Then we headed over to Lake Monona again for my 4 mile run, which I'd finish up at the Terrace. The run felt great. It always feels great to just be off the bike and move from horizontal (in the aero position) to vertical. After last week's ride I was pretty wiped out, but this week I felt pretty good. My legs were under me right away, I found a comfortable pace that was faster than I needed it to be, and was enjoying myself. I felt hungry, but nothing an aid station can't satisfy. When I finished up the 4 miles, tired but not exhausted, I spent 10 or 15 minutes looking for Mike around the Terrace, which gave both of us an opportunity to explore it a little.



This parking lot is where all the bikes will be for transtion - I'll actually ride down and up that helix (which will be covered with spectators) to get back and forth. Pretty crazy.



This view of the capital will be something similar to where the finish line is, again right near Monona Terrace.

Again, huge thanks to Mike. His coming allowed Amy to stay home after several hectic weekends of her own, and he drove all the way there and back, allowing me some much needed naps. He navigated the course flawlessly and with a helpful, cheerful attitude, was a master of Gatorade-Bottle-Preparing, and snapped these great photos (I think the descents on the roller coaster are way cool). It really was an invaluable way to do my last long ride, and it wouldn't have been possible without him. So shout out one more time to Mike!

A few other shoutouts while we're here: Todd raced his last Sprint of the season this past weekend, and it looks like he blistered a top 3 finish in his division...6th in his gender, and 7th overall...'zat right dude? Crazy! Kickass and well done! promised a full race report to my mail box tomorrow. I also want to shout out to some regulars, friends, and fellows who are now in taper as well - SLS, qcmier, IronWil, Derek L., and TriSaraTops. Also, today our Athlete's Guide became officially available at ironmanwisconsin.com, and today I got an email that allegedly our bib numbers will be in by Thursday! How freaking exciting is that!!!!!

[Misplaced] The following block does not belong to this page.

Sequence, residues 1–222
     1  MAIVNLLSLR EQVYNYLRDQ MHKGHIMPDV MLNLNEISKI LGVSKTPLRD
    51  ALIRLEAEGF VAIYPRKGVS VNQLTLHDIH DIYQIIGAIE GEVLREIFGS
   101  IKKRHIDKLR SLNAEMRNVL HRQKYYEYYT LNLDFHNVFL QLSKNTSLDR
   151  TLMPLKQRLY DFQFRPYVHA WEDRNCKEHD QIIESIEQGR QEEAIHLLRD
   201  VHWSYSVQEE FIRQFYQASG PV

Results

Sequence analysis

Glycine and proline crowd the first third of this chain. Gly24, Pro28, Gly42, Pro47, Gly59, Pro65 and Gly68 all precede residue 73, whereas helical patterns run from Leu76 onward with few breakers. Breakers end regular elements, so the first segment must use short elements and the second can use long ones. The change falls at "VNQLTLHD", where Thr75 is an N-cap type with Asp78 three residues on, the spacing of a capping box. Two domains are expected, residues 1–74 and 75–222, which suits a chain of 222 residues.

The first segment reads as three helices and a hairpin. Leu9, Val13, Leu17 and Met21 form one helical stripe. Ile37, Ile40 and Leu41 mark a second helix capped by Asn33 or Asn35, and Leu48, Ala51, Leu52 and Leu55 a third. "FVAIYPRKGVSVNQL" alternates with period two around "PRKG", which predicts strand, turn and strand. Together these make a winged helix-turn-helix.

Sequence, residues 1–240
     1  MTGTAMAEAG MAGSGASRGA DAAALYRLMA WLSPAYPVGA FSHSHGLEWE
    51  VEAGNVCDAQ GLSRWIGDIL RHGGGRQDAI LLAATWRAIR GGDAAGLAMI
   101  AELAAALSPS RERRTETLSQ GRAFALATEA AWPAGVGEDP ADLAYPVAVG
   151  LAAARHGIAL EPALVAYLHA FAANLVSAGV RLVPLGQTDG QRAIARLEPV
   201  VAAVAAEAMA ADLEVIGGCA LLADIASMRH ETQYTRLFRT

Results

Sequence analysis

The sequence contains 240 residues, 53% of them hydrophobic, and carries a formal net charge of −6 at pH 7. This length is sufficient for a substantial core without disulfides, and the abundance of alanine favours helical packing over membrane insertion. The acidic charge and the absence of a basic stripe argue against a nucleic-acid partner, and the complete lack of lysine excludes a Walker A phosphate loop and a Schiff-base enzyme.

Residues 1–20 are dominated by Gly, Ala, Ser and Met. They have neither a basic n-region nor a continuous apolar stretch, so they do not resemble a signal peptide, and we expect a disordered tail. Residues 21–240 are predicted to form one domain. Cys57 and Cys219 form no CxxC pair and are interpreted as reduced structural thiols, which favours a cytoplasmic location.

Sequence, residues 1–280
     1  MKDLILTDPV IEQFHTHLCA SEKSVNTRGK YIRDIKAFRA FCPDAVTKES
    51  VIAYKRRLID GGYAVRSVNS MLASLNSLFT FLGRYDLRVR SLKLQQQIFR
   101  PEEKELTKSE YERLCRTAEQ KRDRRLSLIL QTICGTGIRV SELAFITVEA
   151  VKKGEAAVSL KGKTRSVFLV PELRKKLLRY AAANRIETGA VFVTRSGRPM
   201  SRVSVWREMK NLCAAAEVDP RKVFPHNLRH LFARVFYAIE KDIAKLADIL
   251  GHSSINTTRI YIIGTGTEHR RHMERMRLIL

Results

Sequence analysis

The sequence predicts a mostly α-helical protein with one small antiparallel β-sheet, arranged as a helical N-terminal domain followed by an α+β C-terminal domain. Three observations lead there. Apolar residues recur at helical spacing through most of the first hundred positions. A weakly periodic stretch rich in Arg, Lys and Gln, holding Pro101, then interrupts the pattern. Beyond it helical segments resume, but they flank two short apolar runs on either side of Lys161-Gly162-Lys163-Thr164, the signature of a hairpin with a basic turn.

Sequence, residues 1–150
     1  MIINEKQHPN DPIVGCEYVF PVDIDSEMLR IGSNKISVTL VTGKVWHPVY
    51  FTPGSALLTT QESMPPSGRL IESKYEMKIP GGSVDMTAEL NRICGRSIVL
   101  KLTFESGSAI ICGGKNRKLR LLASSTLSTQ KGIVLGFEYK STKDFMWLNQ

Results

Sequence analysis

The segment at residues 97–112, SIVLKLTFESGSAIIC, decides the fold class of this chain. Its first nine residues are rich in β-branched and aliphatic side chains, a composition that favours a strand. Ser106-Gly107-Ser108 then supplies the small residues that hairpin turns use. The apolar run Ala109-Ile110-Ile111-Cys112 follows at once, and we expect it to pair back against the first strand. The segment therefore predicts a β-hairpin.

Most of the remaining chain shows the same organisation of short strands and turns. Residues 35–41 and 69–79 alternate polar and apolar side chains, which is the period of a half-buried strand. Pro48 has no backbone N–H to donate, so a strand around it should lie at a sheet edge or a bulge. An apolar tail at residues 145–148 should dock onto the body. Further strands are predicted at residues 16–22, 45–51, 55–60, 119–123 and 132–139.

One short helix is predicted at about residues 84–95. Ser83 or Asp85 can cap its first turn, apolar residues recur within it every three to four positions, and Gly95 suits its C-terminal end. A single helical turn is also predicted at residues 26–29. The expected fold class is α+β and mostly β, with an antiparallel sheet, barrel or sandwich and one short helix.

5 comments:

Anonymous said...

I'll second your shout-out to Mike! Wow!! You're awesome! Go Team Bintliff, represent!

Nice work Todd!

Todd said...

Ah yah my man! Well done!

Yes, you heard correctly, it was a pretty good day last Saturday. The race report is coming today, I promise. Work's been a bit hectic so far this week.

Mike, you are the man!

Everyone, enjoy your tapers, you've more than earned them, almost time to cash em in.

Thanks anonymous.

See you soon X and Team Bintliff...PS, are the shirts blue and shiny? I sure hope so!

-Todd

TJ said...

sounds like you are ready to rip it up. enjoy your taper.

Pharmie said...

You are totally ready for this race. I can't even believe how fast you are on the bike. Enjoy the taper, and try not to drive Amy crazy while you are on it!

triteacher said...

Beautiful ride, post & pictures - gets me pumped for the big day!!